Lessons learned

So, what have they all learned through the process, and what advice would they give to anyone else considering a non-traditional form of farm transition?

From the viewpoint of the seller, Bob and Sharon say it’s important to think outside the box, be open to ideas, and be willing to put the time in to build trust.

Ideally, if both parties can arrange to spend some time working together before even considering the idea of transitioning the farm, that’s the best way to develop a relationship that can move on to the next level, especially when it involves a finance option with the current owners.

“It was really important for us to spend those two or three years getting to know each other and developing the trust,” Bob says.

But there was another key too.

“We were fortunate that Bob and Sharon are good communicators because a lot of the conversations that we had were difficult,” Molly says. “It’s uncomfortable when you discuss what would happen if one of you died, one of us died, we got divorced, or your children wanted to come back in.”

Communicating was also important because it helped everyone see the strength of their shared values.

Without the McCoubreys’ willingness to think outside the box, the Thurstons admit that they would likely not have ended up farming in the Okanagan.

“We would have had to go farther afield, look for more affordable land,” Molly says. “We were young in our careers and didn’t have a lot of dollars to put for a down payment. Without Bob and Sharon’s generosity, and the ability to be creative in the financing, I don’t believe we could have purchased orchard land here and made a go of it.”

More than just land

The Thurstons know how much more they bought from the McCoubreys than just a piece of land.

“We didn’t just buy land, we bought a business and we have inherited a lot of Bob and Sharon’s customers,” Molly says. And there was something else too, she adds. “They fully mentored us.”

If others are seeking to work with a farm owner and find a creative way to fulfill their dream of farming, Bob says they must be willing to make connections and put themselves out there.

“They need to get to know some farmers,” he says. “It’s like volunteering, which puts you into a network of people that will open opportunities for you that will be beneficial. The same is true of working. If Molly and Matt had just stayed in their jobs and said, ‘We can’t afford anything,’ nothing would have happened, but by getting out there and talking to people, they found an opportunity to rent a property that eventually they were able to buy.”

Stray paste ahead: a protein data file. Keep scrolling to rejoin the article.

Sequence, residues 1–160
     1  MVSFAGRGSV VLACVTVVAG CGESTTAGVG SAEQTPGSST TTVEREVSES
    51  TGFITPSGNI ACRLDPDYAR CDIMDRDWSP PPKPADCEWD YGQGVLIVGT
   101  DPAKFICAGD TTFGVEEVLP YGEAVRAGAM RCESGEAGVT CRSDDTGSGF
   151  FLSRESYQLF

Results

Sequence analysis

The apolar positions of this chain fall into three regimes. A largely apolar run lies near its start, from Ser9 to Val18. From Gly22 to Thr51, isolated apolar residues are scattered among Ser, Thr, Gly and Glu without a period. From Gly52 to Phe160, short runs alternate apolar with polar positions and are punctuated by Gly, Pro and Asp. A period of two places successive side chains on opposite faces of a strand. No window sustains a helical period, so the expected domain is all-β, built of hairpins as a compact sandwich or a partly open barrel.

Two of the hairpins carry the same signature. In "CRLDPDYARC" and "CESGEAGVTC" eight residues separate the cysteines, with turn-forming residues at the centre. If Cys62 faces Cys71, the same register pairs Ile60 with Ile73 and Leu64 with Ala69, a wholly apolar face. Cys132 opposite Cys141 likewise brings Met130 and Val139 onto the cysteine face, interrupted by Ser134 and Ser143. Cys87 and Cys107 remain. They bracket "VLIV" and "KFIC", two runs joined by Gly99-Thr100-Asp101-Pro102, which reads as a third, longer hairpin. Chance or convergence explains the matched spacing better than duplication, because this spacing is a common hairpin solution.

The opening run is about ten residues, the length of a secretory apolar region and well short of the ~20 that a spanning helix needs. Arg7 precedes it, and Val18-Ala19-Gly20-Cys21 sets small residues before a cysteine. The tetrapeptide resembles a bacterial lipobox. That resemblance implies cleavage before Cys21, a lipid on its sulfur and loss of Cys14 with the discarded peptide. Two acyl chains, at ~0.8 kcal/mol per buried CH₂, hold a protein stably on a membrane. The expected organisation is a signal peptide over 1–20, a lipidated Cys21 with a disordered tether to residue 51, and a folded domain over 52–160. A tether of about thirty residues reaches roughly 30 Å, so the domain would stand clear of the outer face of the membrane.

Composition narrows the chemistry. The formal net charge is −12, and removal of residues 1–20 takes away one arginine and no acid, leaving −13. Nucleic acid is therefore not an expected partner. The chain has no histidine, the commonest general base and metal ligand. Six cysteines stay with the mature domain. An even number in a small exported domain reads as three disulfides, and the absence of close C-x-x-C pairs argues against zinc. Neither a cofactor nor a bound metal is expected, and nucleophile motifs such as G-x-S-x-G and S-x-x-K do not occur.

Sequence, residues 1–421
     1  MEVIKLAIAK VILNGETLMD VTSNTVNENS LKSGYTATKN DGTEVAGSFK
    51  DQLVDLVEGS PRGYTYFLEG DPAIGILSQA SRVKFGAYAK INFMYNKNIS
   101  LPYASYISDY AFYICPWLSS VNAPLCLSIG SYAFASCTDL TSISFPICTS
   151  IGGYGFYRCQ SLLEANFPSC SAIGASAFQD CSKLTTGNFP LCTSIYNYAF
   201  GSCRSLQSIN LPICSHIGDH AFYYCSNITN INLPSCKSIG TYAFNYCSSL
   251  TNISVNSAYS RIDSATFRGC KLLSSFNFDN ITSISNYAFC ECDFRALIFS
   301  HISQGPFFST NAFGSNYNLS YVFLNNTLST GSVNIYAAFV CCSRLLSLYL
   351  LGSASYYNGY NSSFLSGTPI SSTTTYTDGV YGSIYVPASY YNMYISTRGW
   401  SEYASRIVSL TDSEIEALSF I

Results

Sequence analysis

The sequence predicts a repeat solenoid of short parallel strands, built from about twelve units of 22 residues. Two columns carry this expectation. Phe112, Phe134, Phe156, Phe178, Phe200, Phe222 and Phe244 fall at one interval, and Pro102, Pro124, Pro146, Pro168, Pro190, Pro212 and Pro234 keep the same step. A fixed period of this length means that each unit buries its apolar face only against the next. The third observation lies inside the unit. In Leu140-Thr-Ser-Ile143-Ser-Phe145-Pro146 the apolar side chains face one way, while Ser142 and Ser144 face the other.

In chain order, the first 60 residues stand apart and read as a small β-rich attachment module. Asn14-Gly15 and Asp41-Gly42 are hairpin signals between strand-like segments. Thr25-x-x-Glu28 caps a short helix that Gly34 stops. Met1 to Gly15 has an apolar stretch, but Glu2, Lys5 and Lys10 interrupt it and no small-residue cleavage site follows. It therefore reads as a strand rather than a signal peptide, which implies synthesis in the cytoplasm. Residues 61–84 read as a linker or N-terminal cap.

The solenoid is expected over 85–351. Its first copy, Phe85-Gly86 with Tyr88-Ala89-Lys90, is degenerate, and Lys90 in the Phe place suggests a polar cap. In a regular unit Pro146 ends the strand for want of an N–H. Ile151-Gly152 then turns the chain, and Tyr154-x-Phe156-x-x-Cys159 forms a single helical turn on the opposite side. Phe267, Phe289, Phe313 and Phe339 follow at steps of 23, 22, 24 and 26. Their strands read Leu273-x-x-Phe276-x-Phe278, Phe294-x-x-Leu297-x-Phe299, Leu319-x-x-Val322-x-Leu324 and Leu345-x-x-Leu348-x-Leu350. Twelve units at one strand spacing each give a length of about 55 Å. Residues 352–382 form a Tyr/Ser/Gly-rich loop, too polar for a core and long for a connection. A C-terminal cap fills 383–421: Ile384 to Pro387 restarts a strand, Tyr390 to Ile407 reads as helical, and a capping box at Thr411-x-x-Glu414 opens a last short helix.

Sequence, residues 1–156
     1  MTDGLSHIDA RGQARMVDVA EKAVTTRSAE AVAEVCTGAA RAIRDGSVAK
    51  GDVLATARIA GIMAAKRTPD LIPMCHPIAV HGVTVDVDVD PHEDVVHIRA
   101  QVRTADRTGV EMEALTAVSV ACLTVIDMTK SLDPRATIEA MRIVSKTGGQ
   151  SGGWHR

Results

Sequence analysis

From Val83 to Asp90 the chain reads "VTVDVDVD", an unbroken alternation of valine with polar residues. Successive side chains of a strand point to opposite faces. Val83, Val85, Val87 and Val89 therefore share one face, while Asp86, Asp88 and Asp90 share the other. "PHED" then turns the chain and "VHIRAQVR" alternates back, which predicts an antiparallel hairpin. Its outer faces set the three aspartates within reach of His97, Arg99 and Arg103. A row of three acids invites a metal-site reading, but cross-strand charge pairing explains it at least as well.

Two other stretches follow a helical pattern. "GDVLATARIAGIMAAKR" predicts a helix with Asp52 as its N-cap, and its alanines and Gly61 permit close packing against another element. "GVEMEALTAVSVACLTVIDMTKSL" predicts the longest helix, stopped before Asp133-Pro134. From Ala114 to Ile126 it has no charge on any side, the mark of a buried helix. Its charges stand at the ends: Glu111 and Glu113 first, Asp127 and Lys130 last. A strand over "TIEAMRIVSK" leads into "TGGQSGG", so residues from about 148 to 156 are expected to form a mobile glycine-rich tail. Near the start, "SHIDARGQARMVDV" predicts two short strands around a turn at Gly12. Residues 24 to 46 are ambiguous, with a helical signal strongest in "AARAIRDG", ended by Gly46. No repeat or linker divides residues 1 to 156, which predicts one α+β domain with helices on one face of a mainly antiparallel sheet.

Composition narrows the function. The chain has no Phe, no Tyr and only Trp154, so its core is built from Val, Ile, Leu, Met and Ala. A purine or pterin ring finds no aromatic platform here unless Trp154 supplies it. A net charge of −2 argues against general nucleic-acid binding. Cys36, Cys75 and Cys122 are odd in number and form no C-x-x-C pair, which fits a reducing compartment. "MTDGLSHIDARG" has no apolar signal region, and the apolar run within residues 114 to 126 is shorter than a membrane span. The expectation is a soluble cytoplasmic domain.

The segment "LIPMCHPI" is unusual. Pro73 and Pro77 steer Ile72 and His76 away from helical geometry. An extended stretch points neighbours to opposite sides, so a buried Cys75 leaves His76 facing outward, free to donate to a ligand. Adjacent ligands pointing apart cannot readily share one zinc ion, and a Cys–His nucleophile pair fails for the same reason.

From the purchaser’s viewpoint, it’s important to have a good business plan, Molly says, and also important to have a solid understanding of the numbers and finances of the farm.

Set expectations from the get-go

“There was an incredible amount of risk for Bob and Sharon, so it was important that we had a good business plan, and that we knew what our numbers needed to look like so that we could have clear goals financially, as well as production yield goals, and that we were clear on timelines for the deliverables,” Molly says.

Also, she adds, it’s essential to find a way to bring the business and the human parts of the transition together.

“You need to take the time for the relationship to build, and be clear on what the implications are in this type of non-traditional deal,” she says. “We set out clear payment schedules that had clear numbers attached to them so that there was never any doubt of who was getting what. We used lawyers to make sure that the agreement was fair and equitable for both parties because we valued fairness. and making sure that everyone was taken care of.”

They were all careful to ensure expectations were defined from the start, which meant getting the land properly valued.

“We wanted to pay Bob and Sharon a fair price for their property, and they required a fair price in order to be able to move on … it’s unrealistic to expect that because you’ve worked on the land for so many years, you’re entitled to a deal,” Molly says. “That never entered into the conversation … We looked at it as they had worked their entire lives on this land, and were ready for that next phase of retirement and were entitled to a good living.”

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Angela Lovell